Childnet’s Education Team speak to young people, staff and parents all across the country about online safety.
This year alone, they have spoken to over 3,000 parents so far and have answered hundreds of their questions.
Below they share the answers to some of the most frequently asked questions they get whilst delivering these education sessions.
How do I speak to my teenager about spending too much time on the internet?
We usually say to broach the topic in a subtle way, if possible. Instead of phrasing your issue negatively by saying ‘you’re not allowed go online’ or ‘turn off your phone’, an approach which can often lead to fights, you could first bring up the topic by sympathising with your children. You could mention how you often have issues ‘switching off’ from technology, and you could ask your child if they feel the same. In our educational session, we speak about internet usage. We show the Ofcom statistic that says that a 12-15 year old, on average, spends up to 19 hours a week online. We ask young people to consider how much time they spend online each week and compare it to the average amount. You could start off by asking them that question, and getting them to break down how much time is spent on each activity, eg gaming, messaging, watching tv and reflect on the activities they spend the most time on. We then ask them to let us know when they can tell when they have been online too long. They offer answers such as ‘when your phone gets hot’ or ‘when you get a headache’ or ‘your mood starts to change’. Instead of telling them what they can’t or shouldn’t do, the answers they give come from their own experience and hopefully they will begin to manage their time online better.
Gaming in particular seems to be an area which parents and young people disagree over. There are some games which will not allow you to pause or stop until you reach a certain point – if you have spent a long time working your way through a level, only to have quit before you can save, that can be very frustrating. Understanding how the games your children like work, and agreeing on a time limit before they start playing them could help resolve any arguments. Perhaps you could agree that the long-play games should be saved for weekends or school holidays as a treat.
By introducing a family agreement early in your household, you could begin to have these conversations early and put boundaries in place. You could also suggest getting an app on your phone that is designed to encourage you to put your device down, instead of browsing the internet.
What can I do because my child knows more than me about the internet?
We get asked this question all of the time, and it is becoming increasingly normal that parents feel that their child knows more about technology than they do. Our parent sessions talk about the different risks and concerns that a child may face online, however we stress that by talking to your children about online safety early and often, it is more likely that your children will open up more and let you know about the things that worry or upset them online. There are some ideas for conversations starters here.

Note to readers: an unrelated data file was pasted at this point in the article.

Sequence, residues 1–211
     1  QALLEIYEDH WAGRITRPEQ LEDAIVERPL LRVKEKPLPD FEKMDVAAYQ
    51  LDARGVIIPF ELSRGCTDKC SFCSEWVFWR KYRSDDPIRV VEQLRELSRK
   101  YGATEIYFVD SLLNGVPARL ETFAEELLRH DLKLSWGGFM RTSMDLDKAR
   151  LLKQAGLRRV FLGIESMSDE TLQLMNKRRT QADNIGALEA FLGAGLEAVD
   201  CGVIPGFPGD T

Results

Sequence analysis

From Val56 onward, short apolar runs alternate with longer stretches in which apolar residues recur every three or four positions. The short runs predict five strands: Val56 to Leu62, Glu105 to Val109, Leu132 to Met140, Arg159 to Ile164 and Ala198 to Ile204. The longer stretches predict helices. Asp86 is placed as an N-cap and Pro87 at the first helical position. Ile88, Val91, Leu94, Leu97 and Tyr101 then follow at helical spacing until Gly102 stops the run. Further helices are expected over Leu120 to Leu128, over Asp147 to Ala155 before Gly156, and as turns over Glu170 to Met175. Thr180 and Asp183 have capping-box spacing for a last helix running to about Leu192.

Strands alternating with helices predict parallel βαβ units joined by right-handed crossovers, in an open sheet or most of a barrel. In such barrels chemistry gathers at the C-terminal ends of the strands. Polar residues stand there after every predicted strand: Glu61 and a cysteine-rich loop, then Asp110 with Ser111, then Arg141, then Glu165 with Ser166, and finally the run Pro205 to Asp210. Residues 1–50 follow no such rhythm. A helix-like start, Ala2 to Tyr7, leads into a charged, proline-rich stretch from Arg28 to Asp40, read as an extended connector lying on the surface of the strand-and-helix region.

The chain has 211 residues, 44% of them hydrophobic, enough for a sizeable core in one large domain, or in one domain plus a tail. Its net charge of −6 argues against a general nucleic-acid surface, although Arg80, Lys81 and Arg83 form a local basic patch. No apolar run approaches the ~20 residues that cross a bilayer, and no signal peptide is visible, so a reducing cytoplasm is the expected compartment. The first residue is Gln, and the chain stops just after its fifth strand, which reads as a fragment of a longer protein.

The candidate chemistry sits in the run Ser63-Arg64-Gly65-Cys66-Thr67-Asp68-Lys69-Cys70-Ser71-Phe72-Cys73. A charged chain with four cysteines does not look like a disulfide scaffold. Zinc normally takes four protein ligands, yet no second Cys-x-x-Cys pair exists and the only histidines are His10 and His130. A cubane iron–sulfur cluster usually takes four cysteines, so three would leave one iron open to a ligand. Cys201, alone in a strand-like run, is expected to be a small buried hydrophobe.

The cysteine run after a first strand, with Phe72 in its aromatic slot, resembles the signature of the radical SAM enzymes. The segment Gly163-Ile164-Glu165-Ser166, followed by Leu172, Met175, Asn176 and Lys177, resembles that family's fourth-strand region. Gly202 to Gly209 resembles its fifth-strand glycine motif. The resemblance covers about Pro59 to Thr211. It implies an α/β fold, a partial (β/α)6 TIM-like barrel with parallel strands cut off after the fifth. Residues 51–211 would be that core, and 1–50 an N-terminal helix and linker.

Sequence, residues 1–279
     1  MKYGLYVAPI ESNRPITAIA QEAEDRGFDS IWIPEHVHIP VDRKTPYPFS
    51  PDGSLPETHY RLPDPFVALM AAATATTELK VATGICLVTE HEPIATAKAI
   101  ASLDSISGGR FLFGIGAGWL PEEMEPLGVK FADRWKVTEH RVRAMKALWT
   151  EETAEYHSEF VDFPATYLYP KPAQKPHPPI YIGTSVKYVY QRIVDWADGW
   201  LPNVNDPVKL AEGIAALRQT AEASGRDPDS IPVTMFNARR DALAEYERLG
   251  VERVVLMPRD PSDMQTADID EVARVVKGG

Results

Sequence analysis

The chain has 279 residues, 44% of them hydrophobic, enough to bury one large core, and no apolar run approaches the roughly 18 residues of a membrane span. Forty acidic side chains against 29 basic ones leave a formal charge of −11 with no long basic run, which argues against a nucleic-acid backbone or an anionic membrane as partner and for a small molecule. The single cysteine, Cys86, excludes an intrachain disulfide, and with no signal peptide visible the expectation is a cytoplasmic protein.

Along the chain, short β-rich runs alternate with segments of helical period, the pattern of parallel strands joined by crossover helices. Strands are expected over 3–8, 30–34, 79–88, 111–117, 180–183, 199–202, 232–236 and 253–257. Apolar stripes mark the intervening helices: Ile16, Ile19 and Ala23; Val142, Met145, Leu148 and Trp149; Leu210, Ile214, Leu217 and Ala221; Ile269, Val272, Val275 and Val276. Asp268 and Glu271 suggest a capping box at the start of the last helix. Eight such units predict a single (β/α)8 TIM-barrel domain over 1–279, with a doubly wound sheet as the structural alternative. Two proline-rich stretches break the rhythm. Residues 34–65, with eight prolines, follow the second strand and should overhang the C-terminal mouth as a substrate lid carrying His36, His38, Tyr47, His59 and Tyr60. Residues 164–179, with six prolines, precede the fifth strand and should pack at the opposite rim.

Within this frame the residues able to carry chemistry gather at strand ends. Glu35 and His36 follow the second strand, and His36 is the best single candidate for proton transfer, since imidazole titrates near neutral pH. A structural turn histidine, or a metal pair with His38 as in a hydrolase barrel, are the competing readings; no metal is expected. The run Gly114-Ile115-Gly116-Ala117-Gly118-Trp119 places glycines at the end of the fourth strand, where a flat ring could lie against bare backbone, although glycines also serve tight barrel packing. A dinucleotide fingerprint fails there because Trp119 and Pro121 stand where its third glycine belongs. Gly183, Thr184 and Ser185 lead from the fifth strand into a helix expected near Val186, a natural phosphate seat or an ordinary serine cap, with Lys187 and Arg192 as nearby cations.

- On a practical note, you could start by sitting down with them and asking what they like to do online or playing a video game with them, so you can understand their world.
- Ask if they know the tools – how to block or report if someone in the game is being mean to them.
- Ask them how an online friend differs from a real friend?
- Ask them if they know what personal information is and why they shouldn’t give it away online.
Overall, it is important to broach the topic of internet safety in a positive way. If a child hears ‘I know nothing about technology, I’m a dinosaur, video games are a waste of time’, they may be less likely to come to you for help if they need it. If a child hears ‘You may know more than me about technology at the moment, but as I’m your parent, I know a lot more about life, but I’m always willing and able to sit down with you if you have a problem with the internet’, hopefully they will come to you if they encounter issues. It is very difficult to monitor your child’s internet use 24/7 and as technology moves so fast, the best thing a parent can do is to equip their children with the tools and the confidence to navigate the internet safely.
My child wants to join a social networking site but they aren’t 13 years old yet. All of their friends are already on the site, how do Childnet speak to young people about this?
Many of the social networking sites that exist (Instagram, Snapchat, Facebook, Twitter) carry terms and conditions that users must be over the age of 13 to register for an account. Children may not be aware of this when they sign up for a service, as not all services will ask for a date of birth or confirmation that they are over 13. Some children may also circumvent such checks by providing a false date of birth. In some situations, parents have allowed their child to go on these social networking sites (SNS) under the age of 13, but only on the condition that the parents get to ‘friend’ or ‘follow’ their child so they can monitor the child’s usage. For other children, who abide by the terms and conditions of the SNS and haven’t signed up, seeing their friends using social media can lead to issues of peer pressure and a feeling of being ‘left out’.
In our educational sessions, we make children aware that SNS have an age restriction of 13. We encourage them to wait until they are the correct age to register for these SNS, and to be truthful about their age, as more safety features will apply if they do. We also warn that if anyone reports them as an underage user, their account will be deleted and any content on the service such as videos or photos will also be removed. We always remind those with an underage account to ask a parent/carer for help in understanding the privacy and reporting features available.